Civil Disobedience And Letter From Birmingham Jail Essay

Writer, thinker, transcendentalist, and neckbeard enthusiast, Henry David Thoreau published his essay, "Civil Disobedience" in 1849. It basically argued that governments do messed up stuff way too often, and that individuals should follow their own moral conscience instead of going along with unjust laws, wars, and customs.

Thoreau saw slavery for the nightmare and abomination it was, and also railed against the beginnings of what he considered American imperialism, which at the time was epitomized for Thoreau by the Mexican-American War.

There are many nuggets of wisdom, controversy, and 19th century New England wit in the essay. But there is at least one argument that made its way directly into Dr. King's "Letter from Birmingham Jail": we shouldn't have respect for law just because it's the law.

I think that we should be men first, and subjects afterward. It is not desirable to cultivate a respect for the law, so much as for the right. […] Law never made men a whit more just; and, by means of their respect for it, even the well-disposed are daily made the agents of injustice. (Source)

Not included in "Civil Disobedience": Thoreau's passionate argument in favor of neckbeards.

Best Answer:  Civil Disobedience: Thoreau's Civil Disobedience espouses the need to prioritize one's conscience over the dictates of laws. Thoreau begins his essay by arguing that government rarely proves itself useful and that it derives its power from the majority because they are the strongest group, not because they hold the most legitimate viewpoint. Thoreau further argues that the United States fits his criteria for an unjust government, given its support of slavery and its practice of aggressive war. Thoreau doubts the effectiveness of reform within the government, and he argues that voting and petitioning for change achieves little. He presents his own experiences as a model for how to relate to an unjust government: In protest of slavery, Thoreau refused to pay taxes and spent a night in jail. According to Thoreau, this form of protest was preferable to advocating for reform from within government; he asserts that one can not see government for what it is when one is working within it. Civil Disobedience covers several topics, and Thoreau intersperses poetry and social commentary throughout. For purposes of clarity and readability, the essay has been divided into three sections here, though Thoreau himself made no such divisions.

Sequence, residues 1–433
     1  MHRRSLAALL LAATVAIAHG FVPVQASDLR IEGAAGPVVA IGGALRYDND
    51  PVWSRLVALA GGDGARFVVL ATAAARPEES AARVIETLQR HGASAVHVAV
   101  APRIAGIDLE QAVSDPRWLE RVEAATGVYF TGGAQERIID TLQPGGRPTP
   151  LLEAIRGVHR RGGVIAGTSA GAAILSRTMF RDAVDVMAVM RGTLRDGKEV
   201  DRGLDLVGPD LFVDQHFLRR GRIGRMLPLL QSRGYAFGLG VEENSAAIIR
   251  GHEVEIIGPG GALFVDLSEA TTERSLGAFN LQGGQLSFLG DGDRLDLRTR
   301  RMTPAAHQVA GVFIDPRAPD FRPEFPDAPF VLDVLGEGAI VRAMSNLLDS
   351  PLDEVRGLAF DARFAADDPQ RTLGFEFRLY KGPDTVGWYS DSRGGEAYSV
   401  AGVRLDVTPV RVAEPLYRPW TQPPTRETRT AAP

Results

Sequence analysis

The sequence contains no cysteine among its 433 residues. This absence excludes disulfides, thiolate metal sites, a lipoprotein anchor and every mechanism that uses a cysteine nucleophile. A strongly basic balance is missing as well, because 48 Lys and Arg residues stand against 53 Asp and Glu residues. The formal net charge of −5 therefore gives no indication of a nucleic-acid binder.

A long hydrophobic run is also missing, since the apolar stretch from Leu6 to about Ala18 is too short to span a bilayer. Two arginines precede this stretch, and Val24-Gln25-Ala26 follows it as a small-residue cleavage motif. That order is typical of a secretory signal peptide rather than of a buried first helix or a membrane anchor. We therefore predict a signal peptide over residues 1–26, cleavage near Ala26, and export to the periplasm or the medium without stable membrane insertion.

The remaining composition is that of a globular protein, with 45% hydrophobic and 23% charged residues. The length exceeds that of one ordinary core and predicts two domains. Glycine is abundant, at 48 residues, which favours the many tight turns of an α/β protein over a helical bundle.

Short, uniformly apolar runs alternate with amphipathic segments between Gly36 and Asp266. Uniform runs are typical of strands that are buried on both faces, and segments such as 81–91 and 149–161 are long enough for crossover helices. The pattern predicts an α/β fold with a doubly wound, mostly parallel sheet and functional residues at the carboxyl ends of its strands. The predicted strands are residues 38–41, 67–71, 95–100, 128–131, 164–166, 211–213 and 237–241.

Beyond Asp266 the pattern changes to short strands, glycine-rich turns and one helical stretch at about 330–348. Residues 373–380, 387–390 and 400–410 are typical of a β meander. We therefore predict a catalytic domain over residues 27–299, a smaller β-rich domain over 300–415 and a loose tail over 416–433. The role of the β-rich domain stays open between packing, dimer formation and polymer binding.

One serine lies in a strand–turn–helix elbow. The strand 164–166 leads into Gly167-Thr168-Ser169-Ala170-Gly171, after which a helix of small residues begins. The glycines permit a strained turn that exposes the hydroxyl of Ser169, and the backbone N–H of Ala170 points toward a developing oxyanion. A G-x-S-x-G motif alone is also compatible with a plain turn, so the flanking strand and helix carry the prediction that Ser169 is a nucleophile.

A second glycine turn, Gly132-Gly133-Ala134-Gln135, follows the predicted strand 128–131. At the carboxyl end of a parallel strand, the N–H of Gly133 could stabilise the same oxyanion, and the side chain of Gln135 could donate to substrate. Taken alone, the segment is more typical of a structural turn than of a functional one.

Letter from Birmingham Jail: In response, Martin Luther King drafted a document that would mark the turning point of the Civil Rights movement and provide enduring inspiration to the struggle for racial equality. Martin Luther King's “Letter from Birmingham Jail” strives to justify the desperate need for nonviolent direct action, the absolute immorality of unjust laws together with what a just law is, as well as, the increasing probability of the “*****” resorting to extreme disorder and bloodshed, in addition to his utter disappointment with the Church who, in his opinion, had not lived up to their responsibilities as people of God. The actions of the African American people are overdue and very well planned as King had explained in the letter. As King explains, “past promises have been broken by the politicians and merchants of Birmingham and now is the time to fulfill the natural right of all people to be treated equal”. Secondly, King ’s answer to the clergymen's assertion that breaking the law is not the way to achieve the results the African American is looking for. He feels that the Church has skirted its responsibilities to the African American people, hiding behind “anesthetizing security of stained-glass windows”. King summarizes his letter by making the point that he hopes that the Church will see it's responsibilities “it's” means it is/you need its as people of God and understand the need for direct action, the justification of unjust laws and the impending danger of the African American rising up in violence if they are not heard. Martin Luther King does this all in a diplomatic, heartfelt and completely inoffensive voice.


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